Defined benefit pension transfer

If you’re looking to start your retirement in pastures new or if you are already an expat living abroad, then a defined benefit pension transfer could help you get the most out of your lifetime income.

After working hard throughout your career, we know you’ll want nothing more than to spend your retirement years relaxing with the help of a well-kept pension pot.

However, it’s more important than ever to consider your financial circumstances and take notice of how your money could be impacted by that exciting move – especially if you’ve had no previous experience transferring funds or have received poor advice from another pension provider.

If you’re looking to transfer your UK pension abroad – whether that’s to consolidate multiple pensions accrued over time, get a helping hand in managing your funds, or make the accessibility easier – we can make sense of the transfer process.

What is a defined benefit pension?

In a nutshell, defined benefit (DB) pensions are company or workplace pension schemes that can be left with the pension provider should you choose to move abroad.

Your DB scheme offers you an assured lifetime income that rises annually, aiming to protect you against factors such as inflation.

This type of pension may also be paid out at a reduced rate to your partner, should you pass away.

Whether you choose to stay at home or move abroad for your retirement plans, until you choose to draw money or tap into the benefits of your pension, it won’t be affected.

So, what is a pension transfer?

A pension transfer is pretty much what it says on the tin: simply moving your defined benefit pension plan from one provider to another. When it comes to pension transfers when moving abroad, however, you have a number of options available to you.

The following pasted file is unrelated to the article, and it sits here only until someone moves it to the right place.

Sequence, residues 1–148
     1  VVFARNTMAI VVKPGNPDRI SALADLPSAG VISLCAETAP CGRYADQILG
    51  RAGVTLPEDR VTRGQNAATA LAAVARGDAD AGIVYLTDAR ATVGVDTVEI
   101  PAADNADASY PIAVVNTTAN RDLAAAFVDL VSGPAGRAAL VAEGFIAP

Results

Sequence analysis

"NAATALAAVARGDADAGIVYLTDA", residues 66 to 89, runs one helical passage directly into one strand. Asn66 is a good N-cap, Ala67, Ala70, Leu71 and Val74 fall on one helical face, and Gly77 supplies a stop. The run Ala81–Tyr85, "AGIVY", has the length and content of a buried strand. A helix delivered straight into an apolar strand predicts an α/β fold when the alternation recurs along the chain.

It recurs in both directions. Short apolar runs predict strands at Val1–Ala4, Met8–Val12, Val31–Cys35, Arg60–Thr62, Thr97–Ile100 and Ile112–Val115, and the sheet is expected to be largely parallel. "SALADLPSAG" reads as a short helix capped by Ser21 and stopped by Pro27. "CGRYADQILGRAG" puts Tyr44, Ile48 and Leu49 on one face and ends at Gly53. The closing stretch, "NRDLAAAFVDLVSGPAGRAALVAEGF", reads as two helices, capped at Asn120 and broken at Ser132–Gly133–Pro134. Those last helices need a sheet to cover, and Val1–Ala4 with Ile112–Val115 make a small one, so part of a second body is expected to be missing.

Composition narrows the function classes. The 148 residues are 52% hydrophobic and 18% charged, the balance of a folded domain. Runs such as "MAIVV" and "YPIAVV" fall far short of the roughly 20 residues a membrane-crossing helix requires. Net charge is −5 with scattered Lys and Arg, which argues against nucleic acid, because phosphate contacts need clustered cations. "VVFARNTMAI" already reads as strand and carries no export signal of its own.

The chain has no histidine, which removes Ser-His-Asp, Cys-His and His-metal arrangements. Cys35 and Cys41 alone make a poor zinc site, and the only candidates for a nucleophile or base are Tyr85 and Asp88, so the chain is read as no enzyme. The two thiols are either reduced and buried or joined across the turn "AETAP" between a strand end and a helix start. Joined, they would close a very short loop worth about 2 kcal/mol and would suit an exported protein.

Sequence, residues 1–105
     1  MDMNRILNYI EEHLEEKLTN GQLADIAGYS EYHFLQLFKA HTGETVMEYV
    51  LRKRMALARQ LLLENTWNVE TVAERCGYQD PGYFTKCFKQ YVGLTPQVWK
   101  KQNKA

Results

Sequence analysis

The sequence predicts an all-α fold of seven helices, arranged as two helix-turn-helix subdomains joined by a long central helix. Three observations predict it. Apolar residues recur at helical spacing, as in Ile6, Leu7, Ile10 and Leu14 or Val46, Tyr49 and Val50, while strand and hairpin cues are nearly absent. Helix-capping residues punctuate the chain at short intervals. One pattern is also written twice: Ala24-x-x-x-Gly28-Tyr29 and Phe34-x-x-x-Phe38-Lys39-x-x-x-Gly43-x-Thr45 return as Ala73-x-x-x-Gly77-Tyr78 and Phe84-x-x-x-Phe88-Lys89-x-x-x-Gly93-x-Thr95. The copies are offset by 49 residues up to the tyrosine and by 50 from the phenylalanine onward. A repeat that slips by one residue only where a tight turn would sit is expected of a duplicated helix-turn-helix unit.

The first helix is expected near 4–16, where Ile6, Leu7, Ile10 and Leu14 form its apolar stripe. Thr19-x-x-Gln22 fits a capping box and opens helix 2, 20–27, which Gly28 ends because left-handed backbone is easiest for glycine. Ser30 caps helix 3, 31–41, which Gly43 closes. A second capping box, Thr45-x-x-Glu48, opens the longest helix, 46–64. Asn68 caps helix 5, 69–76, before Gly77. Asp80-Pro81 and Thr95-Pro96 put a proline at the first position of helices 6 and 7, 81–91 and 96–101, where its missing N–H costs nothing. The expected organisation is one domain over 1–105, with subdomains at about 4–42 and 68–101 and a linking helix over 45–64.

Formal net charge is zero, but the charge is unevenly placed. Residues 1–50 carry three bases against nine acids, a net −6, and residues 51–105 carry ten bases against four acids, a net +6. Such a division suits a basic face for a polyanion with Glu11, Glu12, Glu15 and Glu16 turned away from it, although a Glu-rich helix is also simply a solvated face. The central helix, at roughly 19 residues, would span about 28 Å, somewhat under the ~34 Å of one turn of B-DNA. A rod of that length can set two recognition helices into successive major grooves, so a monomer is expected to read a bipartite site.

Of course, if you choose to take your retirement outside of the UK, it doesn’t mean you have to take your pension savings with you. You can always leave them in your existing scheme and take an active pension income from it remotely. 

However, you could be missing out on a number of benefits that could make your later years much smoother.

How does it apply - to my pension?

When you facilitate any kind of pension transfer from a defined benefit pension – whether it stays in place or shifts to foreign soil.

In place of this is a cash lump sum or value, which can then be shifted or used as part of an investment strategy in a new pension scheme elsewhere.

It is important to take note of procedures that are in place when dealing with investment decisions, especially when it comes to a defined benefit pension transfer.

These ‘lifetime pots’ are, understandably, rather valuable – so they are strictly regulated. You can choose to transfer your pension into the following options:

For expats, the latter can be helpful if you are looking to access your pension in the same country you reside in, offering potential flexibility in the same currency.

How to determine if you would suit a defined benefit pension transfer

From a financial perspective, a defined benefit pension transfer can bring with it a number of guaranteed benefits.

If you fit any of the following points, you may be a good candidate for transferring your pension:

  • If you are not married
  • If you have a life-limiting illness or a shorter life expectancy
  • If you would prefer to pass your savings to a beneficiary that isn’t a spouse
  • If you are keen on controlling your overall income tax liability
  • If you have a significant amount of retirement savings
  • If you are taking your retirement abroad or are already an expat

When can I withdraw and transfer from a defined benefit plan?

If you have a defined benefit pension plan, you can usually begin withdrawing funds from it from the ages of 60 or 65, although some plans can be unlocked sooner.

It’s also important to note that if you are in an ‘unfunded public sector scheme’, such as the NHS Pension Scheme or the Teacher’s Pension Scheme, you may only be able to transfer to a limited number of other defined benefit schemes with are subject to certain rules.

Those who will be able to facilitate a transfer to any kind of pension are those who are in a funded public sector pension scheme or a private-sector defined benefit scheme.

From here, you have the power to switch to any pension type of your choosing, although we ask our clients to remember that you will still have to comply with the regulations of the new scheme chosen.

What kind of financial advice do I have to get?

Due to the nature of a defined benefit pension scheme, transfers out of this kind of pension pot have to be in line with strict regulatory guidelines.

If your total pension pot comes to over £30,000, it’s key to seek transfer analysis and guidance from a permitted FCA regulated firm.